Surveys play a key part in understanding what drives our clients’ PPE considerations, what they look for in their supplier partner, and how they view the future of PPE development and innovation.
A 2022 Health & Safety Matters (HSM) PPE market survey has produced some revealing insights. I react to four results in particular and explain what they mean and why they raise concerns about worker safety.
My first reaction to this result was to be both surprised and frustrated. I really didn’t want to see the most important consideration for people sourcing PPE as ‘performance to claimed standard’.
It means either companies are using uncertified PPE that isn’t to standard (concerning), or they don’t know why they should choose a supplier who is a British Safety Industry Federation (BSIF) member.
As a BSIF member, Tower make an annual declaration and are audited and tested to prove that we only supply genuine products that are tested and certified to standards.
This reassurance that performance will ALWAYS be to claimed standards, allows buyers and wearers to focus instead on functionality and comfort as their key considerations.
Instead of the result we got, these two attributes should always be the most important, as they impact the use of PPE and the likelihood of it to fulfil its purpose as the last line of defence.
This was another frustrating one for me. And it further highlights the need for us to get the message out there of what it means to be a Registered Safety Supplier Member.
It’s frustrating because if a buyer prioritised Registered Safety Supplier Scheme Member in their supplier search over everything else, it would provide reassurance on all the other three categories.
I try to help buyers understand that by virtue of a declaration of membership to the BSIF, a supplier is already guaranteed to provide quality products.
Not only that, a membership also confirms that staff are always capable and the people you deal with will be ethically concerned. It makes it all a given from the start.
This is an intriguing result. It’s likely that people are associating respiratory protective equipment (RPE) with innovation because the pandemic has put the spotlight on any shortfalls in design.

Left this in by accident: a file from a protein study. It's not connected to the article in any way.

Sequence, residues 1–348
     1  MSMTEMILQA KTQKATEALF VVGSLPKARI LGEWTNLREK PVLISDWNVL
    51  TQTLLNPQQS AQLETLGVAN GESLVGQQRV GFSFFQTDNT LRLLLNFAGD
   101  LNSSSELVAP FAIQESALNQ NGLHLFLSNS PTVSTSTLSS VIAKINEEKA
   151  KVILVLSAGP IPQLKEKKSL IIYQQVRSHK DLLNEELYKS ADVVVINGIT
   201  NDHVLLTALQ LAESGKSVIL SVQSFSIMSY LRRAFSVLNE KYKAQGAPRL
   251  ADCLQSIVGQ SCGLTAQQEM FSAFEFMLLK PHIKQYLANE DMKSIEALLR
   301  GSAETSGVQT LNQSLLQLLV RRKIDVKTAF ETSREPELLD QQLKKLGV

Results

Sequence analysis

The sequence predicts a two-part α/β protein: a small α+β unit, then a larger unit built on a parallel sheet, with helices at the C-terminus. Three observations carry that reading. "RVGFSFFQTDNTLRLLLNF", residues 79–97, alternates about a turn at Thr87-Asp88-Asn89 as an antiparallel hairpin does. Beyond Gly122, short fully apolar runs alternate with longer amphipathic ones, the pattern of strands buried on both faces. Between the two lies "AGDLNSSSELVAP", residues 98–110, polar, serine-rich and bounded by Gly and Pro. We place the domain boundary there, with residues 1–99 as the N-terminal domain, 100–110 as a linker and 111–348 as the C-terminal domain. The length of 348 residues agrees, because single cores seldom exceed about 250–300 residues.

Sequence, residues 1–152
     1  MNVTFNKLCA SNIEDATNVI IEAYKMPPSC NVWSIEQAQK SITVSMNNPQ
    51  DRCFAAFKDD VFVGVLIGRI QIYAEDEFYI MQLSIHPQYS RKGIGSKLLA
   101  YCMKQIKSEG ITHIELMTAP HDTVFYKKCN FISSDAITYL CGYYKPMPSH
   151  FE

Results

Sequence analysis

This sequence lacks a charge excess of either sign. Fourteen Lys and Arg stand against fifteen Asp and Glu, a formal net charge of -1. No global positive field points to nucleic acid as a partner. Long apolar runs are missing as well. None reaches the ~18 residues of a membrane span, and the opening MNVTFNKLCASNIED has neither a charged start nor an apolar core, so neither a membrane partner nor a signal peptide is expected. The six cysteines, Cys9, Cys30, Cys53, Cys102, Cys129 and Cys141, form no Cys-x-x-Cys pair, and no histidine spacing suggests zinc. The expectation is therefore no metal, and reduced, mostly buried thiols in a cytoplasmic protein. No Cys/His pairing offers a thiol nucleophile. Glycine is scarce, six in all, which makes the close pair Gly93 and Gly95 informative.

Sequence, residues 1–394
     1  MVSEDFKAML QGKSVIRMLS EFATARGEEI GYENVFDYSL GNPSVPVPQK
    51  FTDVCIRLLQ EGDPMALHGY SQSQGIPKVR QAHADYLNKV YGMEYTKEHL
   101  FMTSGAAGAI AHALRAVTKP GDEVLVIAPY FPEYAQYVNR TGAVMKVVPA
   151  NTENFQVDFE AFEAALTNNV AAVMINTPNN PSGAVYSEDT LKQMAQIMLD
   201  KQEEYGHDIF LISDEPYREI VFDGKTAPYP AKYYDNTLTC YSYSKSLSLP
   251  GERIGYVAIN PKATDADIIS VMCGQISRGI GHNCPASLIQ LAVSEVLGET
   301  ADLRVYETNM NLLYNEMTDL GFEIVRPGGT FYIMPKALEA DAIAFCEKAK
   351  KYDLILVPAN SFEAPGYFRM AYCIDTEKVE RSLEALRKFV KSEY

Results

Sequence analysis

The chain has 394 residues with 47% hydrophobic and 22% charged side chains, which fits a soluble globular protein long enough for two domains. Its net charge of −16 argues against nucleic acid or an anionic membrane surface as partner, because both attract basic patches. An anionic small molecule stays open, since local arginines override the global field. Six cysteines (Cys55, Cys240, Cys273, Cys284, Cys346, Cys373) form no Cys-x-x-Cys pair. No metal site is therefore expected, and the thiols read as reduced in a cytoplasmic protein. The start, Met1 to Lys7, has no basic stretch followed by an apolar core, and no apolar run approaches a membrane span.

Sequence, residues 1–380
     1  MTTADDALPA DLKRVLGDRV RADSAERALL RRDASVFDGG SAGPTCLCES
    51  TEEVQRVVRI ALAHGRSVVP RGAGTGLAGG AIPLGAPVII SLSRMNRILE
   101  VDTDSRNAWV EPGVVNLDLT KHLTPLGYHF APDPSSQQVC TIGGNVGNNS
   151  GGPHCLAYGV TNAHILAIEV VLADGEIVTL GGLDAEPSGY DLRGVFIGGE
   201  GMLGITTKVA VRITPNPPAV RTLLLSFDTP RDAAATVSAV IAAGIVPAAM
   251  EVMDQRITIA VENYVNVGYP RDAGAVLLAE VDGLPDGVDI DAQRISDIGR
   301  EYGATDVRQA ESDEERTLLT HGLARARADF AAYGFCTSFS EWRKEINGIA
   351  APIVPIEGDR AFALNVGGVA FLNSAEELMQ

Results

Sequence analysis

But I have found that by far the biggest innovations in PPE are in sustainability. And sustainability as a driver for innovation covers most, if not all the other categories from the survey question.
Innovations include biodegradable and certified carbon neutral disposable gloves, post-consumer and recycled polyester PPE workwear, and even safety footwear made from recycled bottles!
These sustainability innovations are making it possible for more companies to improve sustainability. It’s one of the hottest topics I talk about with buyers, and sustainability is a core focus for Tower.
There’s only one right answer: yes! Legally, written instructions must be provided with PPE. And yet over 35% believed this was not the case. This may again point to experiences with uncertified PPE.
Both those issuing the PPE and those wearing it should be encouraged to pay attention to written instructions and read them carefully. And not just when they first use it either.
Employers must also ensure workers have sufficient information, instruction, and training on its use. That includes PPE care, maintenance, compatibility, and how to safely combine complementary PPE.
This result has only increased my passion to get an important Tower message out there to those that issue PPE to workers: “Just because it fits, doesn’t mean you are automatically protected.”
If you want to talk about the sustainable PPE options available or find out more on the benefits of working with a member of the BSIF, simply fill out a contact from below and we’ll get back to you.